Discover more from Eva's Newsletter for Writers
I did a thing.
(Did you notice this email looks different? I'll tell you why...)
I still want to write books, don’t you?
First of all, thanks to everyone who responded with thoughts about Elle Griffin’s post and my email about it (Should We Even Be Writing Books At All?) A few of you brought up a good point: there’s probably not a big overlap between the people who want to read a gothic novel and the people who read Elle’s email newsletters (which are often about the business and technical side of publishing… and then there was her deep-dive into NFTs, which is not exactly a subject for the gothic novel crowd).
Maybe, one reader suggested, Elle needs to market her novel better, which sounded insane to me first (she’s got over 4,000 Substack subscribers! She’s obviously a marketing genius!), but I think it’s a valid point.
This got me thinking about my own email list. Are the people reading my newsletters the same people who will buy my YA novels when they are (finally) published? Maybe I need to think about how to seek out my future readers.
Of course, teenagers only stay teenagers for so long, and the publishing industry is slow. Maybe I need to reach out to the people who get books into teenagers hands: librarians, booksellers, parents, book-loving great-aunts. And other writers. Like you guys.
I did a thing.
I am not a technologically-savvy person. I grew up in the eighties and nineties, when we still used the card catalog at the library. I was listening to a walkman up until 2004, and I didn’t get my first smart phone until I was in my thirties. I get scared by new technology, and once I know how to use something I don’t like switching to something else.
But. I’m almost at 2,000 subscribers, and that’s when MailChimp (the email marketing service I’ve been using since 2017) starts to charge a fee. So I looked into it, and turns out Substack (the very service Elle Griffin uses), is free, no matter how how large my audience gets. I can continue to send out free newsletters to my heart’s content.
And, if I ever wanted to, I could offer a paid version of my newsletter. I’m not going to do that right now, and I’m always going to offer a free newsletter, but it has gotten me thinking… do I have content that is worth money? I’ve been writing seriously, and learning about writing/publishing, for close to fifteen years now. I have my MFA, I’ve worked with a literary agent, I’ve published short stories, I’ve taught writing classes and workshops. Perhaps I do have valuable information to share.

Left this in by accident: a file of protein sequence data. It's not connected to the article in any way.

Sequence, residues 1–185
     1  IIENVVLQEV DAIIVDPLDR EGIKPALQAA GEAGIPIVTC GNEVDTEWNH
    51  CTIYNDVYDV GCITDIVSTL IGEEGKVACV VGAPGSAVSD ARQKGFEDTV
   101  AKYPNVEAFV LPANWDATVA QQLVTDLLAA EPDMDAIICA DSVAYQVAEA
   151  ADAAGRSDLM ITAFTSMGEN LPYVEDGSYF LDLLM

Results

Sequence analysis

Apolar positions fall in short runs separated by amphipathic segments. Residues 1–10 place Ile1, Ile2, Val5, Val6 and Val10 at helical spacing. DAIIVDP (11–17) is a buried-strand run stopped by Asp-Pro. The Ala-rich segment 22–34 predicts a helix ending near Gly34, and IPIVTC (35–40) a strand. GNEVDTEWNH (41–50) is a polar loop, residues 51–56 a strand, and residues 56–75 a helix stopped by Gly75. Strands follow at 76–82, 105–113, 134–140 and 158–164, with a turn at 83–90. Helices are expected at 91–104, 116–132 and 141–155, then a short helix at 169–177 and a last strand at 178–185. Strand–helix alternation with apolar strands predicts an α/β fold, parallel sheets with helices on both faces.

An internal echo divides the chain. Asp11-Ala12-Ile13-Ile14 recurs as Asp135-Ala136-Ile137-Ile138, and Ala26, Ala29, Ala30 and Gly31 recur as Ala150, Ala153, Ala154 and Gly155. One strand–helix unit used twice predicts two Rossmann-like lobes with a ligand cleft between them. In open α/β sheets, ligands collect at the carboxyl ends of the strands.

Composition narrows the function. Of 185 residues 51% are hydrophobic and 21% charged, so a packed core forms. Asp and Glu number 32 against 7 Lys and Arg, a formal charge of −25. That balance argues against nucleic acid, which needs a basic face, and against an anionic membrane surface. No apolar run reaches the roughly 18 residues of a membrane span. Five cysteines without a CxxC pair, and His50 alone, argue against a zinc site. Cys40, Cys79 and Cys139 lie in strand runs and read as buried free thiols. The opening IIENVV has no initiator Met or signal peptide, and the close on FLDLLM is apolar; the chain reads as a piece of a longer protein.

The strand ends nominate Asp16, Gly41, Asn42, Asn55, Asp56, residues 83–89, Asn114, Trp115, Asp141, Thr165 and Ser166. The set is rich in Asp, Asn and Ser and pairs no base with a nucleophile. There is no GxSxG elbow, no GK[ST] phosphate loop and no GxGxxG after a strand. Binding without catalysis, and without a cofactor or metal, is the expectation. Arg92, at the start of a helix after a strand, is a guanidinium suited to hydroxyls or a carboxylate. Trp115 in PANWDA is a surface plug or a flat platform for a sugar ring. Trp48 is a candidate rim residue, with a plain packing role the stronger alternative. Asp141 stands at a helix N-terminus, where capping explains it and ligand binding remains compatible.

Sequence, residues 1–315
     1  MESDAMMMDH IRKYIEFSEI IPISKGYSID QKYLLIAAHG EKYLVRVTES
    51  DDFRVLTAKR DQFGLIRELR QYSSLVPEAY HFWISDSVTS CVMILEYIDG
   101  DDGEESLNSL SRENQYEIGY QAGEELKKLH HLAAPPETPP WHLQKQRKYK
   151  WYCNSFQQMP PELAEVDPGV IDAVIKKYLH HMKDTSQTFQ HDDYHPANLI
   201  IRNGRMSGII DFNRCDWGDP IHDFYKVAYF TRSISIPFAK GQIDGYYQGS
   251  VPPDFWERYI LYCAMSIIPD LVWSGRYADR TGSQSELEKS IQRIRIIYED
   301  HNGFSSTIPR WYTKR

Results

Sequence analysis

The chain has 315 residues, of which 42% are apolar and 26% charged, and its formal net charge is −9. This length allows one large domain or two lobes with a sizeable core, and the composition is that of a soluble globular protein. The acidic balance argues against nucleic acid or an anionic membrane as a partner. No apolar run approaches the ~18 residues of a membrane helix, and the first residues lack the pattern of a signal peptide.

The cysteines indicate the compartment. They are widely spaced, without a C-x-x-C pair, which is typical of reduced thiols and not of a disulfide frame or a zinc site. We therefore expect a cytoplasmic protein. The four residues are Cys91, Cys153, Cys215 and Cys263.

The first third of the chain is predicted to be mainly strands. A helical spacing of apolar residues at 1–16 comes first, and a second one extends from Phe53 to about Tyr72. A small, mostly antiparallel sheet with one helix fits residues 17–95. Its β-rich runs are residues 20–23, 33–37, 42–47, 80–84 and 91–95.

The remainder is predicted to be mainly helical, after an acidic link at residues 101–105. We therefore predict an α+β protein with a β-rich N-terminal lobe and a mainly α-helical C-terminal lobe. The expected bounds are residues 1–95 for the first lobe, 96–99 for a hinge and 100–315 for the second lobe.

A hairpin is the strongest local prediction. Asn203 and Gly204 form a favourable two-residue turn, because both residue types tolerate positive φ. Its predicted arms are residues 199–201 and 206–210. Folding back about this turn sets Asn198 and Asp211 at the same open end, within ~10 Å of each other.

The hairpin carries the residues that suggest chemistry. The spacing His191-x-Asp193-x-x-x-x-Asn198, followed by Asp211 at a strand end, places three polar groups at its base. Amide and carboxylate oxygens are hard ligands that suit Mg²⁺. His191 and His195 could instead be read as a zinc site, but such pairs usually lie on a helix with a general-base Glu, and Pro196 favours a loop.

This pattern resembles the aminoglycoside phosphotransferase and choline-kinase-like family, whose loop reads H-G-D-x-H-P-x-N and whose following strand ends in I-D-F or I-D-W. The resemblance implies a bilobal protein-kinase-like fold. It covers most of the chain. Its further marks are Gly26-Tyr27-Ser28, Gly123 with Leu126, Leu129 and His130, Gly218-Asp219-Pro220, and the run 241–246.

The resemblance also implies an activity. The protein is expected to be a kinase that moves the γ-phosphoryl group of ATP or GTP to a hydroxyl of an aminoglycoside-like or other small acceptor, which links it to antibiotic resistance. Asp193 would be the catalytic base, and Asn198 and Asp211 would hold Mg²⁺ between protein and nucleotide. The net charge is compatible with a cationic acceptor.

Just something for me to think about. For now.
If you’re looking for a critique partner or beta readers, #MomsWritersClub has a #cpmatch thread on Twitter right now to help you connect with someone. I’m not sure if you need to be a mom to participate… Probably not?
The RevPit2022 Annual Contest submission window opens on March 17, but there are #MeetTheEditor events happening before then, starting on Februay 28. If you have a full manuscript, you can win feedback and edits from professional editors to help get your book ready for querying.
Querying kidlit agents (PB through YA)? Want to look up what an agent has sold but don’t want to pay for a subscription to Publishers Marketplace? I hear you. So does writer Ann Zhao. She has offered this sneaky-genius work-around. (I don’t know why, but for some reason this doesn’t work for adult book deals.)
Staring down a big revision? Jessica Brody, author of the book Save the Cat! Writes a Novel (which I highly recommend) has a 4-part (free) revision workshop on youtube. I haven’t watched it yet, but it was recommended to me by a friend.
I am currently reading Sally Rooney’s newest novel, Beautiful World, Where Are You? and I have THOUGHTS. Have you read it? I’m not going to recommend it until I finish it (and finish parsing through my thoughts about it), but I definitely recommend her novel Normal People (and the Netflix series… oh my gosh, so emotional, so beautiful, so melancholy.)
That’s all for now everyone. Let me know what you think about my new email look. And, as always, I’d love to hear about what you’re reading or writing.